Check Out a McDonalds POV Commercial Shot on the Blackmagic Pocket Cinema Camera

I was browsing through the web recently looking for a decent POV rig for a narrative project I am prepping and came across something really cool. Apparently, earlier in the year, the BMPCC was used in a POV commercial for McDonalds dubbed “SuperGood” shot Joe Murray at Native Sons Films in Los Angeles.

We’ve seen other Blackmagic cameras (the BMCC) used on massive feature films, such as the Expendables 3. The size of the Pocket camera, combined with the robust professional codec and Raw recording on-board makes it a very appealing acquisition option for DP’s looking to get a lot of bang from a small package. Check out the commercial below.

“The idea was to shoot the commercial from the point of view of a person eating, sharing and going throughout their day with McDonalds. Not only did that allow us to show the product and logo in almost every shot, but the first person point of view grabs the audience’s attention and makes them feel part of the experience,” said Joe. “I worked closely with Stern Advertising to ensure the spot had a positive vibe, high energy and constant movement to really engage the viewer.”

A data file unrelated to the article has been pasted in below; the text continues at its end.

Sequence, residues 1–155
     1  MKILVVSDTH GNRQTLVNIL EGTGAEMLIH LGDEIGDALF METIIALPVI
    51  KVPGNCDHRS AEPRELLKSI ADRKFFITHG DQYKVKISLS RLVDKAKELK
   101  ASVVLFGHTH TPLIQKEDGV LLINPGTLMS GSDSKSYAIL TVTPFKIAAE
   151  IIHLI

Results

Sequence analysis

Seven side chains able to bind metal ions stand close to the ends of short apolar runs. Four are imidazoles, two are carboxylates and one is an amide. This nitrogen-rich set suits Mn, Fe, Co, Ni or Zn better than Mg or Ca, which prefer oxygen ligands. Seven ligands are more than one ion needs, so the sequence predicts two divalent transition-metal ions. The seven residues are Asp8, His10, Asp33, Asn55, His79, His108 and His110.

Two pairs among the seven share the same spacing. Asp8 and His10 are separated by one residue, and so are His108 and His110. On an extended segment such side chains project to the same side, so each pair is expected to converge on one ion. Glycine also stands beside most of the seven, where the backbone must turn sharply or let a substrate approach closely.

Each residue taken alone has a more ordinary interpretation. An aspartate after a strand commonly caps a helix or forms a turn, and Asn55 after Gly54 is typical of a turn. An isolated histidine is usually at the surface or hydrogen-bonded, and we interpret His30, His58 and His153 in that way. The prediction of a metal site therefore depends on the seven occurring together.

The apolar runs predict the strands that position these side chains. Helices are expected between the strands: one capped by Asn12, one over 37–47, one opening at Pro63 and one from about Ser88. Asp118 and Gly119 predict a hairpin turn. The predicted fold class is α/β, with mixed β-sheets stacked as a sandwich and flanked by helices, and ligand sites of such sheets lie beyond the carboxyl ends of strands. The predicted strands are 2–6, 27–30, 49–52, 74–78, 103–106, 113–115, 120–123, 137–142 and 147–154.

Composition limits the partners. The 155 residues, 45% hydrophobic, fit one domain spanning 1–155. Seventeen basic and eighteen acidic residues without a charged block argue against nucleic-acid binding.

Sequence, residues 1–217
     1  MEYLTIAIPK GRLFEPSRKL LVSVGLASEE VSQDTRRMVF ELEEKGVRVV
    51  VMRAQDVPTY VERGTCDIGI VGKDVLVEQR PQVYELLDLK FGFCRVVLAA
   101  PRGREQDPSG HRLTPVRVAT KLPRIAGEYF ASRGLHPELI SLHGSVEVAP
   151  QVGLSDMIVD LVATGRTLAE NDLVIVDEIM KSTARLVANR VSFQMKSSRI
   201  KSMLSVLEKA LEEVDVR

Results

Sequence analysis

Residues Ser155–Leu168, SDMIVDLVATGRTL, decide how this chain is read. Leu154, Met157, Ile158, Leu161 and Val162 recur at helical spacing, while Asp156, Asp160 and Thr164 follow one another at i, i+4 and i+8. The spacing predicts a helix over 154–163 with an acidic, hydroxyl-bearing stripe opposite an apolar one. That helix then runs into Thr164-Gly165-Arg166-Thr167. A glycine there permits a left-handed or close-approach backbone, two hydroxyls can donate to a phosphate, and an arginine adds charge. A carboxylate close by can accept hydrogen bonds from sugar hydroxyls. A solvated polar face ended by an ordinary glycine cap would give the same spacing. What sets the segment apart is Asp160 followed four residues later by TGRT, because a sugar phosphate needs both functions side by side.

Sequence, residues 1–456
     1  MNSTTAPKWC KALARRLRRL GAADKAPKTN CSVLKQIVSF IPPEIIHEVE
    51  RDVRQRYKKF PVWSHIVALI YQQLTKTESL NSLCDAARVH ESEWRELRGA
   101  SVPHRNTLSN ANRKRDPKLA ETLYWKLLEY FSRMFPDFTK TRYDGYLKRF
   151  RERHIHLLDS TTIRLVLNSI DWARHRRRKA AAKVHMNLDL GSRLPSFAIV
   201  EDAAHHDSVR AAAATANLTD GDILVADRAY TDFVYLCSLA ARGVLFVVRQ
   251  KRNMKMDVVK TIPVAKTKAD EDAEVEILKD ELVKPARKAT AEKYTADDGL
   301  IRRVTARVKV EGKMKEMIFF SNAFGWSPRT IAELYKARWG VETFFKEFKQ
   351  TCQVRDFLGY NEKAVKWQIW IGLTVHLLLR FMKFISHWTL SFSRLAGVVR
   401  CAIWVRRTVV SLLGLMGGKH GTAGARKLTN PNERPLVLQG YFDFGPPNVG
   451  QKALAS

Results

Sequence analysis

bmpcc POV helmet

Above you can see the 11-16mm f/2.8 Tokina with what appears to be a Metabones Speed booster adapter, which makes a lot of sense, as it’s the only way to get a wide-enough angle on the Pocket camera, due to the 3x crop of the Super 16mm to Full Frame. The camera was mounted to the mouth guard of a motorcycle helmet, as it is light enough not to add a significant strain on the operator.

“We had the camera operator and actors on bicycles, skateboarding, running into a meeting and dancing at a beach party. Movement was essential to the theme, and the Pocket Cinema Camera’s form factor was perfect,” said Joe. “We also cast real people, which provided extra personality and enhanced the natural feel. So at times we had actual skateboarders wearing the helmet and shooting with the camera, and it gave a really authentic feeling. A DSLR would have been too unwieldy and wouldn’t have provided such a natural feeling of movement.

“I also wanted it to look authentic, as if you are looking through a human eye, not a camera, so the footage had to have a sophisticated, cinematic look. Even though it’s a roving, quick point of view, I didn’t want over sharpened, highly compressed images or barreling distortion with a fish eye look. I wanted a naturalistic wide lens look with correct corners and smooth, high quality images, and I couldn’t have done it with any other tool,” he continued.

Even though DSLR’s were used for a few shots as well the additional dynamic range coming from the BMPCC were clearly pronounced in the additional detail in the highlights and shadows of the primarily high-contrasty scenes used in the commercial.

The 13 stops of dynamic range from the CinemaDNG Raw files off of the BMPCC, came in handy in post of course, where Joe and his team used DaVinci Resolve 10 to process and grade the footage.

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